This is a passage from one of his most famous stories, “The Aleph.” A rather foolish fellow poet tells him that he has a secret Aleph in his cellar and volunteers to show it to Borges. The Aleph is one small point in space that contains all points of space. Borges, paradoxically, uses words to convey the amazement of the Aleph, a kind of vision that cannot be conveyed in words. 

Under the step, toward the right, I saw a small iridescent sphere of almost unbearable brightness. At first I thought it was spinning; then I realized that the movement was an illusion produced by the dizzying spectacles inside it. The Aleph was probably two or three centimeters in diameter, but universal space was contained inside it, with no diminution in size. Each thing (the glass surface of a mirror, let us say) was infinite things, because I could clearly see it from every point in the cosmos. I saw the populous sea, saw dawn and dusk, saw the multitudes of the Americas, saw a silvery spiderweb at the center of a black pyramid, saw a broken labyrinth (it was London), saw endless eyes, all very close, studying themselves in me as though in a mirror, saw all the mirrors on the planet (and none of them reflecting me), saw in a rear courtyard on Calle Soler the same tiles I’d seen twenty years before in the entryway of a house in Fray Bentos, saw dusters of grapes, snow, tobacco, veins of metal, water vapor, saw convex equatorial deserts and their every grain of sand, saw a woman in Inverness whom I shall never forget, saw her violent hair, her haughty body, saw a cancer in her breast, saw a circle of dry soil within a sidewalk where there had once been a tree, saw a country house in Adrogué, saw a copy of the first English translation of Pliny (Philemon Holland’s), saw every letter of every page at once (as a boy, I would be astounded that the letters in a closed book didn’t get all scrambled up together overnight), saw simultaneous night and day, saw a sunset in Querétaro that seemed to reflect the color of a rose in Bengal, saw my bedroom (with no one in it), saw in a study in Alkmaar a globe of the terraqueous world placed between two mirrors that multiplied it endlessly, saw horses with wind-whipped manes on a beach in the Caspian Sea at dawn, saw the delicate bones of a hand, saw the survivors of a battle sending postcards, saw a Tarot card in a shopwindow in Mirzapur, saw the oblique shadows of ferns on the floor of a greenhouse, saw tigers, pistons, bisons, tides, and armies, saw all the ants on earth, saw a Persian astrolabe, saw in a desk drawer (and the handwriting made me tremble) obscene, incredible, detailed letters that Beatriz had sent Carlos Argentino, saw a beloved monument in Chacarita, saw the horrendous remains of what had once, deliciously, been Beatriz Viterbo, saw the circulation of my dark blood, saw the cods and springs of love and the alterations of death, saw the Aleph from everywhere at once, saw the earth in the Aleph, and the Aleph once more in the earth and the earth in the Aleph, saw my face and my viscera, saw your face, and I felt dizzy, and I wept, because my eyes had seen that secret, hypothetical object whose name has been usurped by men but which no man has ever truly looked upon: the inconceivable universe.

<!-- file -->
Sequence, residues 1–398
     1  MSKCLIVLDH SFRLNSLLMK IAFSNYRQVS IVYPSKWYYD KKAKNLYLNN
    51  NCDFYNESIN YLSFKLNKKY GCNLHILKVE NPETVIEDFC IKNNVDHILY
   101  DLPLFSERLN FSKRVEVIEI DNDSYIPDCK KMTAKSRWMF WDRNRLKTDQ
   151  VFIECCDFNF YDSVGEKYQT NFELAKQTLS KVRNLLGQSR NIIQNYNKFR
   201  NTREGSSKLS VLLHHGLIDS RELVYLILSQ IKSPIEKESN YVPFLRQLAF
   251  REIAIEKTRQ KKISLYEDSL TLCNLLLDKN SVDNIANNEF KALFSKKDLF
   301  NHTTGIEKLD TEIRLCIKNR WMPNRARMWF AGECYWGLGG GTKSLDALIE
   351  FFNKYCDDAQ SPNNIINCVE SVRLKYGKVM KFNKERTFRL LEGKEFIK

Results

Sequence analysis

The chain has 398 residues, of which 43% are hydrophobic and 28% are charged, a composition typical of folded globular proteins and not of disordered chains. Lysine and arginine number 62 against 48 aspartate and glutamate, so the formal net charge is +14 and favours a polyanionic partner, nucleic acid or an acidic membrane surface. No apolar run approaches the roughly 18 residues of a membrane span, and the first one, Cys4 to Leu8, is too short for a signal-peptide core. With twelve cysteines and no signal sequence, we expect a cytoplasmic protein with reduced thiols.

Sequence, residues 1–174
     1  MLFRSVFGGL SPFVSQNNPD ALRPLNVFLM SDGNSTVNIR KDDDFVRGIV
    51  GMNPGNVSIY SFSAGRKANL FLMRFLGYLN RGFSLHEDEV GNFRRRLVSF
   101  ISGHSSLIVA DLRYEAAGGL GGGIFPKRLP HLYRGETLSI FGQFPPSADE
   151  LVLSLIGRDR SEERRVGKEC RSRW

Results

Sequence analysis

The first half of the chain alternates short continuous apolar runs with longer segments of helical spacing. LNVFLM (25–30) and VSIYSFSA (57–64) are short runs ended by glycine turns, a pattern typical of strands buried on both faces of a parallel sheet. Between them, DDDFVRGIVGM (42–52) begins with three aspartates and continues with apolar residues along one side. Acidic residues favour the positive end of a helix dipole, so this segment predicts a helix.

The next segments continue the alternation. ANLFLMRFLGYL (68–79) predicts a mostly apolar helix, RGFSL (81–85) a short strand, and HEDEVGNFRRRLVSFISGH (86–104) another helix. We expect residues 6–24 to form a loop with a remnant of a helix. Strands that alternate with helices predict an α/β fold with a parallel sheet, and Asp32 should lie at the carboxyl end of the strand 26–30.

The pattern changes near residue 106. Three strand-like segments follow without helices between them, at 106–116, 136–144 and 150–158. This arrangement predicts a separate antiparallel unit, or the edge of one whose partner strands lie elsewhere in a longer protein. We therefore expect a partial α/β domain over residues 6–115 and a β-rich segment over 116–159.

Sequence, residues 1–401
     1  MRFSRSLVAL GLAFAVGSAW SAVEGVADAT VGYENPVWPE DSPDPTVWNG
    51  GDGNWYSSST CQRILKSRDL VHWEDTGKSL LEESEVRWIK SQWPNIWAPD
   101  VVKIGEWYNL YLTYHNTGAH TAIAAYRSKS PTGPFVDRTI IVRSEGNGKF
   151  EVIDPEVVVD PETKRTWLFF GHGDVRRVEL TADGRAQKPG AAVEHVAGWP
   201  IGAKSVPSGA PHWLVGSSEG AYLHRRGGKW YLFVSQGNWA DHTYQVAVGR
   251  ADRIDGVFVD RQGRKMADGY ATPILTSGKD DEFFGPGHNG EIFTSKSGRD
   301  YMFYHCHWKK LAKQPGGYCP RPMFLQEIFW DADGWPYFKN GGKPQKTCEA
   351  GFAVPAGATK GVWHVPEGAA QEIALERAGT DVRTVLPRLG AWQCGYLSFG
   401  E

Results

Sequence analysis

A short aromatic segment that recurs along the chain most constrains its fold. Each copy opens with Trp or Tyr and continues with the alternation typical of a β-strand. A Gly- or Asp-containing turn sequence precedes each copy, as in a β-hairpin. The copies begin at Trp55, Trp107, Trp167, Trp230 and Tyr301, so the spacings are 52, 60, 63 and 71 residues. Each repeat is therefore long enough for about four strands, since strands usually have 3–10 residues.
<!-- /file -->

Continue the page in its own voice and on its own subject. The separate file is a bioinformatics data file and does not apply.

Translated by Andrew Hurley